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Burial services for two WW1 soldiers

Burial services at Albert Communal Cemetery Extension

Over 100 years after they had been killed on the Somme, on Wednesday 19th October two young men of the 10th Battalion Essex Regiment were finally laid to rest.

When war broke out, Private William James Marmon and Private Harry Carter both joined the newly created 10th Essex Battalion. The battalion was sent to France in July 1915 as part of the 18th (Eastern) Division and was soon sent to the front line to take over formerly French-held positions on the Somme. The battalion had its first experience of the trenches and mine warfare at Maricourt before being redeployed to Albert and La Boisselle, where the unit remained over winter.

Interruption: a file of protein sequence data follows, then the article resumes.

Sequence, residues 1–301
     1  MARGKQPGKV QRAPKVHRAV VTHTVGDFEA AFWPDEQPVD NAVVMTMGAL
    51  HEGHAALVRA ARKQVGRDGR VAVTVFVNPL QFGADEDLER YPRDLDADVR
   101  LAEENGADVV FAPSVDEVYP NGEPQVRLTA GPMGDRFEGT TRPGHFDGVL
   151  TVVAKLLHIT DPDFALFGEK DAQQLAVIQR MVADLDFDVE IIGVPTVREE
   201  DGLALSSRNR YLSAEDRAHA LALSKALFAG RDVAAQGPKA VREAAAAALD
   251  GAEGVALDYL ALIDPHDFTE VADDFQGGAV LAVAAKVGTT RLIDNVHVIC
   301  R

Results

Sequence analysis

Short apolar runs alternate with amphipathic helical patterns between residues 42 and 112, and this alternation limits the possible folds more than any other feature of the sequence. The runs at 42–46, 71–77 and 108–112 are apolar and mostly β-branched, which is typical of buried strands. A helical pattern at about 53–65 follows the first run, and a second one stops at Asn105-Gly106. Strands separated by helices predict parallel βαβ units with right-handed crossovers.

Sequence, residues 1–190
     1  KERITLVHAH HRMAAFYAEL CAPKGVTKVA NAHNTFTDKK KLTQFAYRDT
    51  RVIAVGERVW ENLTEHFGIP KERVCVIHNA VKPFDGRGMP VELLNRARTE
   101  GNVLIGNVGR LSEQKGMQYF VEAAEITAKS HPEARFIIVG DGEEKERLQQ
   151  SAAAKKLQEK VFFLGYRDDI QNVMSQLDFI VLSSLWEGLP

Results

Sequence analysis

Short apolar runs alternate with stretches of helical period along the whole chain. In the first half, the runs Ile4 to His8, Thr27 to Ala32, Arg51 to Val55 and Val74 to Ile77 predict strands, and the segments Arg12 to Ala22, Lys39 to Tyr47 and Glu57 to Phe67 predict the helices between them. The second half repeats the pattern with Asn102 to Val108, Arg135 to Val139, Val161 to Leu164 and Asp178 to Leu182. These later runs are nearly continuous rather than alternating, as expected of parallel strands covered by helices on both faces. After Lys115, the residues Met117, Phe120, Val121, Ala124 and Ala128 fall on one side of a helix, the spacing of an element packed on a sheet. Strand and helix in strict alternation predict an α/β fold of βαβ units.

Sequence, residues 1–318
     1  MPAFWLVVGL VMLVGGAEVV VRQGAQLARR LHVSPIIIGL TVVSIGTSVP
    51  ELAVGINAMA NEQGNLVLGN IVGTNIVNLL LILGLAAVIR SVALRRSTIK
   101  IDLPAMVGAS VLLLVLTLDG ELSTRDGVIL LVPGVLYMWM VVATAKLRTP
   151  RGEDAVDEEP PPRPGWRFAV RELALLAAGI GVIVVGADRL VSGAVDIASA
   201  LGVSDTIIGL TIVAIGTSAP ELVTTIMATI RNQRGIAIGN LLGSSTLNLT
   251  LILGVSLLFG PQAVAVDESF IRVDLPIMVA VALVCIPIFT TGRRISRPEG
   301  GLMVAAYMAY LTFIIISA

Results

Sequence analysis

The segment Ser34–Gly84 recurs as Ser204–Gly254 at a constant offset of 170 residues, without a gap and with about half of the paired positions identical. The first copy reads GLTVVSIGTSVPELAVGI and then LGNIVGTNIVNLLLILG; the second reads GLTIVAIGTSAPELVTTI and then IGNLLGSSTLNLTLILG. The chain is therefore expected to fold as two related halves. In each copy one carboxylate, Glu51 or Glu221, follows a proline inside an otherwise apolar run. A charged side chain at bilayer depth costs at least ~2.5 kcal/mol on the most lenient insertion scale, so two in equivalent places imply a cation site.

La Boisselle and the Ilot were positions that had been heavily mined by both the French and the Germans prior to the arrival of the British. When the British did take over the line, mining continued but at even greater depths.

In the early hours of 22nd November 1915, the Germans detonated a huge mine, which "filled dugouts for about 50 yards and completely obliterated the front face of the Ilot".
Both Harry and William were killed during this explosion along with six other comrades. Harry was 20 years old; William was 21. It was thought that these men had been given an identified burial in this very cemetery, but when their remains were found during excavations at the Ilot by a group of French and British archaeologists led by Peter Barton, this was seen to have been in error. 

On the 19th October 2016, over 100 hundred years after their deaths, they were given a fitting burial with full military honours in the presence of family members.

More information can be found on the Commonwealth War Graves Commission website
 


 

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